Giving Thought: A haven for teens after school
When children are released from school, many of them find their way into trouble. Educators and counselors often wonder how to steer wayward children in a positive direction during those late-afternoon hours, and Stepping Stones in Carbondale offers a compelling model.
Stepping Stones executive director Kyle Crawley spent years in government social services on the Front Range before moving to Carbondale about a year and a half ago. He went to work at Stepping Stones to mentor and support young adults in a unique, non-bureaucratic, individualized environment.
Aspen Community Foundation: When was Stepping Stones founded and what was the impetus?
Kyle Crawley: Kristin Nelson founded Stepping Stones in 2014. She’s a longtime valley resident who had worked for the National Center for Missing and Exploited Children. The basic idea is that positive adult role models can play a crucial role in youth development. Many of our teens struggle with homelessness, substance abuse, food security and other things. We’ve tried to create a place where they feel comfortable to share their experiences and build strong relationships with the staff.
Our drop-in center is open Monday through Friday after school, from 3 to 6:30 p.m., and on early-release Wednesdays from 12 to 6 p.m. We do a lot of one-on-one tutoring, we support the kids with their homework and prepare them for tests. We prepare a home-cooked meal every night, and the kids help. Food security is an issue for a lot of these teens, so those dinners take a lot of stress off the families.
We also teach kids how to rent an apartment or fill out a job application. And basic life skills — how to keep a house, how to do the dishes, how to do your laundry.
ACF: Can you describe a typical day at Stepping Stones?
KC: We have a staff of three adults who are in the house every day. Our mornings usually start with meetings, talking to donors, trying to build community support. There’s also a lot of administrative work — talking about the kids and their needs, cleaning the house, grocery shopping for the meal that night, planning our activities for the day.
Around 3 p.m. the kids start to flow in after school. We have food, so they’ll get snacks, and we’ll talk to them about what’s going on in their lives. One kid might play basketball, another might want to play video games, another needs help with homework. Every day is different — on Mondays we sometimes take kids to get haircuts; on early-release Wednesdays we have six hours with the kids, so this week we went to the rec center and played dodgeball.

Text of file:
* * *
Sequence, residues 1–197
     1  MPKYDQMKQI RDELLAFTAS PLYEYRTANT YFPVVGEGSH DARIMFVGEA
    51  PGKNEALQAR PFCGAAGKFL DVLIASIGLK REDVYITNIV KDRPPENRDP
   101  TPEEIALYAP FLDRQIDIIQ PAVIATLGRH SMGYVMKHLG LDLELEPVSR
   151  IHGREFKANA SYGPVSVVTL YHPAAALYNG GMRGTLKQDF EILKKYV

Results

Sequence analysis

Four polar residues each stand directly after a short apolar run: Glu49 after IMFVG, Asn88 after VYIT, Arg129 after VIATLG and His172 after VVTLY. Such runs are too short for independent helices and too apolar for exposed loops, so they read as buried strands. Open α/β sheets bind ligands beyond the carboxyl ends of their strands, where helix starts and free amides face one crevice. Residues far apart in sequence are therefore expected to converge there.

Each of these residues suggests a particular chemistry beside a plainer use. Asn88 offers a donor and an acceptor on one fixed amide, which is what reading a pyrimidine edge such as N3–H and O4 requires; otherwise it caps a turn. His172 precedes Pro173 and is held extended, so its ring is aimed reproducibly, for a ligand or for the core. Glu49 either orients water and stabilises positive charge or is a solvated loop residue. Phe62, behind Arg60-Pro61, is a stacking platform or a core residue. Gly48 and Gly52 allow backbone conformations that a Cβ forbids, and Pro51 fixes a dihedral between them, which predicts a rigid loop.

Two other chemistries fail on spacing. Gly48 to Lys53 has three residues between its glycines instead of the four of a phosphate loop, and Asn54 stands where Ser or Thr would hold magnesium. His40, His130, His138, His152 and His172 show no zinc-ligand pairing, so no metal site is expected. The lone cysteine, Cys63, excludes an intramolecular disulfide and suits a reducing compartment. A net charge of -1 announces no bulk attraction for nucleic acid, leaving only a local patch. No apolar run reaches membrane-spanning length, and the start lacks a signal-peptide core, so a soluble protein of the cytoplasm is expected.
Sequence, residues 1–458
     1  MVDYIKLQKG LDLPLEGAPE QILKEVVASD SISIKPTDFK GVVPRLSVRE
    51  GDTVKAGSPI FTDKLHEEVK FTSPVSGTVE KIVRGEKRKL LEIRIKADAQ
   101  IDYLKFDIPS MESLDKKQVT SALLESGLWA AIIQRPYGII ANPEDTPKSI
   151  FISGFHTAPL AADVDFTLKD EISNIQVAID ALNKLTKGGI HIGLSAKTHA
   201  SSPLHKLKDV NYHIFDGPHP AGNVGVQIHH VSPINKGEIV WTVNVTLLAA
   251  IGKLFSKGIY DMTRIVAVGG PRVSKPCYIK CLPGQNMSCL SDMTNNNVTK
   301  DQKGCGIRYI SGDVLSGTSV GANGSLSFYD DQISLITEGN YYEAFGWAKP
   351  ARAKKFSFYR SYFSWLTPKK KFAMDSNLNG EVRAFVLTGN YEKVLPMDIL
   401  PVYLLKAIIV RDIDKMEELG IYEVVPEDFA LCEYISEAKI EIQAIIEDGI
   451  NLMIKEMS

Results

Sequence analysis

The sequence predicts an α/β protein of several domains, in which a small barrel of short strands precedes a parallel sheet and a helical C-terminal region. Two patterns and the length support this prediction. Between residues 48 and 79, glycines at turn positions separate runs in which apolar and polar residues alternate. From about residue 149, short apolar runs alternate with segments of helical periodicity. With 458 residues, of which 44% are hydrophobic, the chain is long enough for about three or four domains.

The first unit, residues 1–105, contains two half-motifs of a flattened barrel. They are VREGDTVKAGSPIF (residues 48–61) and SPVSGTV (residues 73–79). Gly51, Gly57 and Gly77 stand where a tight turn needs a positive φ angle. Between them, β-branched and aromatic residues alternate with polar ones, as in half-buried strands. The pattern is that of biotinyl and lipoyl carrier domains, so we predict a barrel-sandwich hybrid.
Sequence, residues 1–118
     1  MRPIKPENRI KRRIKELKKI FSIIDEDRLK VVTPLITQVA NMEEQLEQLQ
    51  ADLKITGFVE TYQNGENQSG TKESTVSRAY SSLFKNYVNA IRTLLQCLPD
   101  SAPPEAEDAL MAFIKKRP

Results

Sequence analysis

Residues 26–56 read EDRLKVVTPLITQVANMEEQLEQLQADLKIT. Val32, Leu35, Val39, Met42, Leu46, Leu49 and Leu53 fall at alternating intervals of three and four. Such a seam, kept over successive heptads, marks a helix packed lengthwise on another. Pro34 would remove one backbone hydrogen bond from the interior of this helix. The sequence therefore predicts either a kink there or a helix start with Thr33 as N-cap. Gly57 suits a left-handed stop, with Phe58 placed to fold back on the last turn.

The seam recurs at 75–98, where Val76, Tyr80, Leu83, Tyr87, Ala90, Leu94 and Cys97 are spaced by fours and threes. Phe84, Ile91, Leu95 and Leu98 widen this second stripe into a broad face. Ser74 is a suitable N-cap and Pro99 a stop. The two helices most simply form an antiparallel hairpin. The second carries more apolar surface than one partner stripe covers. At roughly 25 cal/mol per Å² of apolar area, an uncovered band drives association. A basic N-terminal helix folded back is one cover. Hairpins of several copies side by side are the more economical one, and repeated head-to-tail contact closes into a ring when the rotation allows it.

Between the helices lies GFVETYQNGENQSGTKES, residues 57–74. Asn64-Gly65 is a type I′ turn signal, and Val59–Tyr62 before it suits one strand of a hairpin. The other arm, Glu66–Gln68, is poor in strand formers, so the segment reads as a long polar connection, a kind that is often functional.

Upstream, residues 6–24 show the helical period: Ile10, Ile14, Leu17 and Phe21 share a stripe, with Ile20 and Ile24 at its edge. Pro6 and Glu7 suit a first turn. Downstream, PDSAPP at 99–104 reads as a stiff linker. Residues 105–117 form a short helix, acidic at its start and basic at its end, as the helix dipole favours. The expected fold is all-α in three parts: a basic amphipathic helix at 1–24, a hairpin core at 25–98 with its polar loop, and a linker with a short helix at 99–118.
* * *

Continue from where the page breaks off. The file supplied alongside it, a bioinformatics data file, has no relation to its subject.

We average about 19 to 20 kids per day. They come and go — four or five kids might come in after school, get a snack, get a bus pass and then go to work at Wendy’s. In 2016, we had 4,362 drop-in visitors and we served 4,094 meals.
ACF: How do you pay your bills? Who supports your work financially?
KC: Our funding comes from a variety of places. Individual contributions are huge. We also receive government grants from counties and cities and a lot of support from local businesses and foundations like Aspen Community Foundation.
We also get tons of in-kind donations. Haircuts from Jul in Basalt, food from Lift-Up; we get winter clothing, jackets and snowshoes for our outdoor activities. Also kitchenware — anything you need in your house, people donate to us.
On Thursday, March 23, Aspen Skiing Co., The Little Nell, the St. Regis, Jazz Aspen Snowmass, Hotel Jerome and Alchemy are doing a fundraiser for us. It’s called the Great Chicken Wing Throwdown and it’ll benefit four organizations that deal with homelessness and food security — Stepping Stones, Lift-Up, Feed My Sheep and Aspen Homeless Shelter. Tickets are still available.
ACF: What do you see in the future for Stepping Stones?
KC: In the short term, we want to add a middle school drop-in program in Carbondale. We’re doing a spring break camp for middle schoolers, and we’re planning to open drop-in hours this summer from 10 a.m. to 2 p.m. The idea is to get on the prevention side of things. Imagine if we’d worked with some of these high school kids in sixth grade,when they were first making difficult choices — maybe we could have prevented some of their bigger challenges.
Longer term, we’d love to have drop-in centers up and down the valley. We really believe in the power of having that welcoming community space that the kids take ownership of.
Tamara Tormohlen is executive director of the Aspen Community Foundation.
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